In our text today, Jesus is speaking about all of these things. He tells us the kingdom of heaven has suffered violence, that the violent take it by force. And He uses John the Baptist as an example. Look at this man, He says, this prophet, look at the one who prepares the way for the Messiah - he sits in prison because he held me up. He will be beheaded because he directed people to me. Because he pointed at me and said, "Behold the Lamb of God that takes away the sin of the world." Violence. That is what mankind has for this kingdom, this Jesus. That is how we respond to His Word, to His message of free forgiveness and peace that comes to rule our hearts and minds. Violence.

Jesus even mentions the children. He says, "To what shall I compare this generation? What is a good picture of the way mankind treats my Word, my kingdom? It is like children sitting in the marketplaces and calling to their playmates,

"'We played the flute for you, and you did not dance; we sang a dirge, and you did not mourn.' Children. And not the nice, sweet, polite, guests are coming over version. But the whining, complaining, constantly distracted, fight over the doll I don't even want version. That is the way mankind treats my Word, Jesus says. You are never content with what you receive, no matter what I give you. Just, on to the next toy. When I send you John the Baptist, one who looks ultra religious and never does anything remotely questionable, you say he must be crazy. When I myself come among you, like a regular guy, not being concerned with appearances or looking ultra religious, you call me a glutton and a drunkard, a friend of tax collectors and sinners! You see, the problem isn't my Word. There is nothing wrong with Elmo. The problem is my children, those who mistreat my Word and each other because of it.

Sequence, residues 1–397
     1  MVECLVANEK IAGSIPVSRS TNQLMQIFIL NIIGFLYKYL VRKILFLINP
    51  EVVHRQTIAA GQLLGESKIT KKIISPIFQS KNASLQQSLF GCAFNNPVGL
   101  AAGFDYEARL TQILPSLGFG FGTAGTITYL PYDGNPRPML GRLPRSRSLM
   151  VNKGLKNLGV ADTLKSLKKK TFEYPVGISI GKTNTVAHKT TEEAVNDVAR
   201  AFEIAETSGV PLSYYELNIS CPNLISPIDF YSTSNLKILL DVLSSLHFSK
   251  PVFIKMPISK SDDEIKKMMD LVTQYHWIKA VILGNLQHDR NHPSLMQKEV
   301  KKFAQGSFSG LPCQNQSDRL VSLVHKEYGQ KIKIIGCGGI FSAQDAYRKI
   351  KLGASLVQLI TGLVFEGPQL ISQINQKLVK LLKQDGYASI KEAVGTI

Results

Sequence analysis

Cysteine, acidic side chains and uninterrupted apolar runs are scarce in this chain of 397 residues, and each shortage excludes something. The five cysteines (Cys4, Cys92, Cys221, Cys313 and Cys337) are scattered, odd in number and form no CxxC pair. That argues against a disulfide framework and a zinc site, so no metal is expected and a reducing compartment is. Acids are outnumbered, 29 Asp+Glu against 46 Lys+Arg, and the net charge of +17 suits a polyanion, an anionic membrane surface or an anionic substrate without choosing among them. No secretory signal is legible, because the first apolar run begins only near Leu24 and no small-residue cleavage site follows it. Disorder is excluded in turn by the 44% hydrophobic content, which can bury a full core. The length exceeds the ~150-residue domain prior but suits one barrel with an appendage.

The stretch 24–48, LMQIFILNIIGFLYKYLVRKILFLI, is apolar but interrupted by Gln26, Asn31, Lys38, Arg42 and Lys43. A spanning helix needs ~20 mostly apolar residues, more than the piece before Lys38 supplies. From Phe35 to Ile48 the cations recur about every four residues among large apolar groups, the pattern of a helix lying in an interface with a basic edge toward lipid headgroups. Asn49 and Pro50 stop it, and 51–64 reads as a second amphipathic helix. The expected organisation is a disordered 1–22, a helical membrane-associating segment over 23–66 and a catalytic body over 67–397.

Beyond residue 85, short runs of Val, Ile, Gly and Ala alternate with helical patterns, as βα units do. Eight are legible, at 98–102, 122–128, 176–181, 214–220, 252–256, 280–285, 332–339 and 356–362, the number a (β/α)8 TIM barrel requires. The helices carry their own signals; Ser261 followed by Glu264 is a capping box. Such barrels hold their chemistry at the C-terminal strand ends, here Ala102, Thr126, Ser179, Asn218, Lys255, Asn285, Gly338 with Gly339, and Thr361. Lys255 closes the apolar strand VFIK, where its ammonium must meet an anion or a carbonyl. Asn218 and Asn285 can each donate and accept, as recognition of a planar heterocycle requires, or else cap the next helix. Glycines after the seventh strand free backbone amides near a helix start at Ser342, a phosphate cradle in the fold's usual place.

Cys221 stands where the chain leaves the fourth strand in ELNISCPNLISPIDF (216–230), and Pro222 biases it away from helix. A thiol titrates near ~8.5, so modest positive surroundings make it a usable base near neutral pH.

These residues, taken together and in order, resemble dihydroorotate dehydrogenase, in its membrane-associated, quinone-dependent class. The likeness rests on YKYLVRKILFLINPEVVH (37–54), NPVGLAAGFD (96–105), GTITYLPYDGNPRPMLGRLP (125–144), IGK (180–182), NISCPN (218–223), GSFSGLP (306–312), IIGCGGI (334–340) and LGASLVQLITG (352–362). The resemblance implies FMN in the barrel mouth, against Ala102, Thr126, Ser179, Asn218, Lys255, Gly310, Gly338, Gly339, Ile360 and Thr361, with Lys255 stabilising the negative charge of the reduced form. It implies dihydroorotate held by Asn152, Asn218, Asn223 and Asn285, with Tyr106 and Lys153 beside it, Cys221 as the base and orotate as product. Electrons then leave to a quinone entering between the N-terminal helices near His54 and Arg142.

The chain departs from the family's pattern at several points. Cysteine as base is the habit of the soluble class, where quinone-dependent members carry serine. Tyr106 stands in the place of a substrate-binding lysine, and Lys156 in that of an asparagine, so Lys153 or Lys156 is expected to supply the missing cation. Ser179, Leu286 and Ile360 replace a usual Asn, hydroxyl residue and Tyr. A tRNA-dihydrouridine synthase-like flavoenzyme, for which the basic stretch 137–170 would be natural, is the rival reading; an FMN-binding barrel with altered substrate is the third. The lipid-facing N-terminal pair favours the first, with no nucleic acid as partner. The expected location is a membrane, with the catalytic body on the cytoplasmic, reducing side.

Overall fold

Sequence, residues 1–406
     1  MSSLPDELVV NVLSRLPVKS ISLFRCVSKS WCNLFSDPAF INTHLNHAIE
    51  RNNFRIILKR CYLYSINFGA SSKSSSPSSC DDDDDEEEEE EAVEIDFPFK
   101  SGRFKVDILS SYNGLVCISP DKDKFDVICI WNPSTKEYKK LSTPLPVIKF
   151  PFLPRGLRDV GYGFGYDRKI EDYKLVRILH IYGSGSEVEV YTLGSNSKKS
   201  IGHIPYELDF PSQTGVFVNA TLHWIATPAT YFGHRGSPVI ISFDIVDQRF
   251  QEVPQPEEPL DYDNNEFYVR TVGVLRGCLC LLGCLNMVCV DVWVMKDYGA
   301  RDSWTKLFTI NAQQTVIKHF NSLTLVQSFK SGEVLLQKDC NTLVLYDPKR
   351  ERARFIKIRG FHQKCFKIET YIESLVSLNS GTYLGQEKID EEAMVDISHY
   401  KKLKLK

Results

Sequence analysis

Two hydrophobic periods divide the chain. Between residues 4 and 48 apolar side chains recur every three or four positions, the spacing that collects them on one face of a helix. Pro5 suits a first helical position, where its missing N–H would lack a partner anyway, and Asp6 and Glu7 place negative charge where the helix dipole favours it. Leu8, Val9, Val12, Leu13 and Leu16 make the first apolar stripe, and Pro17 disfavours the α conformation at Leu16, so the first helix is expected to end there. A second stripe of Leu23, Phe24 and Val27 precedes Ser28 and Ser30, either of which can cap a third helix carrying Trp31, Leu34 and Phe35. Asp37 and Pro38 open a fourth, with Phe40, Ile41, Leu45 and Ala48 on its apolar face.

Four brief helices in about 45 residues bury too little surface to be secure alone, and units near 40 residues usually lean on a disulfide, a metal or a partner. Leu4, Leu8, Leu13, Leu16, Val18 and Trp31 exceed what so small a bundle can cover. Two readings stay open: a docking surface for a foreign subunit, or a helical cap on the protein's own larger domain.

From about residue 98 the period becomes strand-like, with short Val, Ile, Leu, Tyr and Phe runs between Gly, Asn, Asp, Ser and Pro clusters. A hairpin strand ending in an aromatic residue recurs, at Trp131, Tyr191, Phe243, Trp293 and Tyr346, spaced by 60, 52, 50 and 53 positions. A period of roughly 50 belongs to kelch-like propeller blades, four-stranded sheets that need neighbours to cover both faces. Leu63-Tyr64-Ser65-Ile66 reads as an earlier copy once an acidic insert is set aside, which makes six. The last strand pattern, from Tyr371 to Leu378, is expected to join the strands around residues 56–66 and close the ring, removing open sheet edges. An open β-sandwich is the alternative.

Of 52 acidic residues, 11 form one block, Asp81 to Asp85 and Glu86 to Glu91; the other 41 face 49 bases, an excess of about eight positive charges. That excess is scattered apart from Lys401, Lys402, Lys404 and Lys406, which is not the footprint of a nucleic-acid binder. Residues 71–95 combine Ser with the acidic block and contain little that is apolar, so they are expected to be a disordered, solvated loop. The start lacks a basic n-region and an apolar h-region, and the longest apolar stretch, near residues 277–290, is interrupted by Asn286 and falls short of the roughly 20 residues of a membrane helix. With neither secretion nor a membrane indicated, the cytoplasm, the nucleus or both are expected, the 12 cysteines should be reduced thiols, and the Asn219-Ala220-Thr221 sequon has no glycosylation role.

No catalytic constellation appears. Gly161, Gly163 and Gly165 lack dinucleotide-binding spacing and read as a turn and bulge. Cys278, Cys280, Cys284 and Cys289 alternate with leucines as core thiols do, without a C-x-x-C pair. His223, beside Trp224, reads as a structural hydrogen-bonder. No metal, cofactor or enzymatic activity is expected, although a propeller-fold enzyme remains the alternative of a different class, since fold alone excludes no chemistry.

But you and I know what He is talking about, don't we? We all suffer from the same human nature. Yeah, I want to hear about Jesus, but I kinda don't. I want to come to church this morning, but I kinda don't. I want to read my Bible at home, but I kinda don't. After all, I have to take care of this, or that, or the other thing. There is no end to the excuses we create when it comes to the kingdom of heaven. We are experts at it. In fact, by nature we do everything we can to ignore the Word of God. But, it goes a little farther than this, doesn't it? For when we are confronted with this reality, this truth that we ignore God and His Word for most of the day, we become angry. Offended. Violent in our hearts at this Word that would reveal such a scathing truth about us. How dare you accuse me like this? But this is exactly what Jesus is saying about the way mankind receives His kingdom. The kingdom of heaven has suffered violence. We are like children who get violent over something we want to throw away. The violence is not theirs, or theirs - it is ours. As Jesus says, "He who has ears to hear, let him hear."